Movie review: ‘Star Wars: The Last Jedi’
(Courtesy of Jonathan Olley/Lucasfilm)
"Star Wars: The Last Jedi"
Director Rian Johnson
Dec. 15, 2017 8:20 p.m.
Not so long ago in a galaxy not so far away, J.J. Abrams reawakened the Star Wars franchise with a rehash of “Star Wars: Episode IV – A New Hope.” Thankfully, Rian Johnson’s new Star Wars film learned how to balance nostalgia for the original hexalogy with new plot lines in “Star Wars: The Last Jedi.”
“Star Wars: The Last Jedi” is Johnson’s first foray into the Star Wars universe and the eighth film in the series, not counting “A Star Wars Story: Rogue One.” It distinguishes itself from the other entries in the Star Wars canon with its original story and powerful scenes.
“The Last Jedi” follows Finn (John Boyega), Poe (Oscar Isaac), Leia (Carrie Fisher) and the rest of the Rebellion as they try to escape from the dastardly First Order, who is approaching to destroy their fleet. Meanwhile, Rey (Daisy Ridley) confronts the legendary Luke Skywalker (Mark Hamill) to ask for his aid in fighting the First Order and the agents of the Dark Side of the Force.
At its core, the eighth entry into the saga is a story of growth and maturation. The characters that were introduced in 2015’s “Star Wars: The Force Awakens” have more room to explore their personalities and illustrate their progression from the last film, although not all equally. The most meaningful character developments come from Rey, Kylo Ren (Adam Driver) and Poe who actively learn from their experiences and mistakes.
In addition to new character developments, “The Last Jedi” boasts a high caliber of performance from its ensemble cast. Hamill’s take on an older, jaded Luke is pure geeky gold. The reluctant symbol of hope serves to deconstruct the image of the Jedi as the infallible agents of good. His sense of guilt is palpable, and helps convince the audience of his claim that the Jedi religion must end.
Andy Serkis oozes menace as Supreme Leader Snoke, though he is criminally underused and the film still fails to establish enough context for the character. The same can be said for Gwendoline Christie’s Captain Phasma. Both characters get little screen time, and in the case of Phasma, it almost seems like Johnson forgot that she was a character and tacked her into a random spot in the story to fulfill some contractual obligation.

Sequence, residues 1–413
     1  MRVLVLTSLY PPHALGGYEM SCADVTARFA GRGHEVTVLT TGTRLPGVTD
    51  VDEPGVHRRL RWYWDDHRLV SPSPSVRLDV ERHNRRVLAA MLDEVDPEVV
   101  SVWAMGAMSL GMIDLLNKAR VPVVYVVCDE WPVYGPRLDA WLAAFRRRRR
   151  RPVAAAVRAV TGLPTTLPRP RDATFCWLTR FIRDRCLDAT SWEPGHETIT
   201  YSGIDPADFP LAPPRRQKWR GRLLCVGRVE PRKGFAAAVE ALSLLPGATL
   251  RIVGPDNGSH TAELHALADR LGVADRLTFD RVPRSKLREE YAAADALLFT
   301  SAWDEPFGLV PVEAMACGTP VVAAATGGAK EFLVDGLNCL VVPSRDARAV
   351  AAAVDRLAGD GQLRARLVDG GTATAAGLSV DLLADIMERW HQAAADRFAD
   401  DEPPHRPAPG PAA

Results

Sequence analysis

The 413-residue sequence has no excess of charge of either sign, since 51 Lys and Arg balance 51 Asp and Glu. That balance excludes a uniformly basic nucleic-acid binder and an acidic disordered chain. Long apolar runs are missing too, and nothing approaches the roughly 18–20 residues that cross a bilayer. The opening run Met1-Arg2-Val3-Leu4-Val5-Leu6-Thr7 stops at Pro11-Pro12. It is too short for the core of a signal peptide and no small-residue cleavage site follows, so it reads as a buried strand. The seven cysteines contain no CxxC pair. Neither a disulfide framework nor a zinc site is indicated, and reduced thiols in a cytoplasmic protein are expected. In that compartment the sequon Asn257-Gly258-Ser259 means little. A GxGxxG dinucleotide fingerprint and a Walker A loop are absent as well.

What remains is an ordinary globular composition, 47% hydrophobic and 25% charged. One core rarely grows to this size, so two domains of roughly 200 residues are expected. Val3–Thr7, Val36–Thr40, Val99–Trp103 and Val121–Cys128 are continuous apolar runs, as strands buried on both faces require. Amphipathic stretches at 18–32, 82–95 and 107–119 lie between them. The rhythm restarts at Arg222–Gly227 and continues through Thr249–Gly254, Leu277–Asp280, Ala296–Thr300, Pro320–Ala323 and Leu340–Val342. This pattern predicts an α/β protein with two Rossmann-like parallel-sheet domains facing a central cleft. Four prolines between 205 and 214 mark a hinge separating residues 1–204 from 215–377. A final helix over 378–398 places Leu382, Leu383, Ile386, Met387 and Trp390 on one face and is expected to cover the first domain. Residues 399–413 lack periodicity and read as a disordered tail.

Kelly Marie Tran as the plucky and determined young rebel Rose Tico is easily the most charming new member of the cast, though her character acts as a multipurpose deus ex machina in a number of scenes. Rose possesses a seemingly endless collection of random skills, which magically solve a surprising number of problems, such as her convenient knowledge of all things related to the plot and her surprising skills as a pilot.
Of the film’s many powerful women, the late Carrie Fisher shines as a beacon of strength and hope in a powerful performance that will remind audiences why they fell in love with the courageous young princess in the beginning of the franchise.
However, despite the many significant character-driven emotional beats, the story on its own is mostly inconsequential. The plot of Abrams’ “The Force Awakens” may have been entirely derivative of popular Star Wars tropes, but it at least set up several strong story elements. While Johnson created a more original story, most of “The Last Jedi” feels like filler content. Very little happens to advance the story arch as a whole, and if viewers skip the film and see the upcoming “Episode IX,” they will likely be able to glean the film’s events from context.
Another shortcoming is that for a movie set in a universe with space ships, blaster guns and laser swords, “The Last Jedi” lacks in action and suffers from poor pacing. The film opens with an intense space dogfight featuring plenty of explosions and shots of ships being destroyed during the middle act, but this becomes boring and routine as the film progresses. Johnson saves the more engaging actions scenes for the last act.
But when the final act does occur, it hits almost every quintessential Star Wars trope, including lightsabers, Force battles and giant walking war machines. The excitement surrounding the action and the emotional investment tied to the characters make the film’s closing a true spectacle.
“The Last Jedi” also contains some truly gorgeous visuals like giant star ships being destroyed and an opulent casino scene. The new CGI porg creatures are adorably funny, and despite early fears of overusing them in the film as a ploy to sell toys, their presence is minimal – and if anything, the movie could have used more of them.
“Star Wars: The Last Jedi” is a flawed yet fresh and welcome addition to the Star Wars canon. What it lacks in story and action, it makes up for with emotion. Johnson is currently slated to direct a new Star Wars trilogy featuring a brand new story, and if “The Last Jedi” is an accurate gauge of his performance, then fans are in for a treat.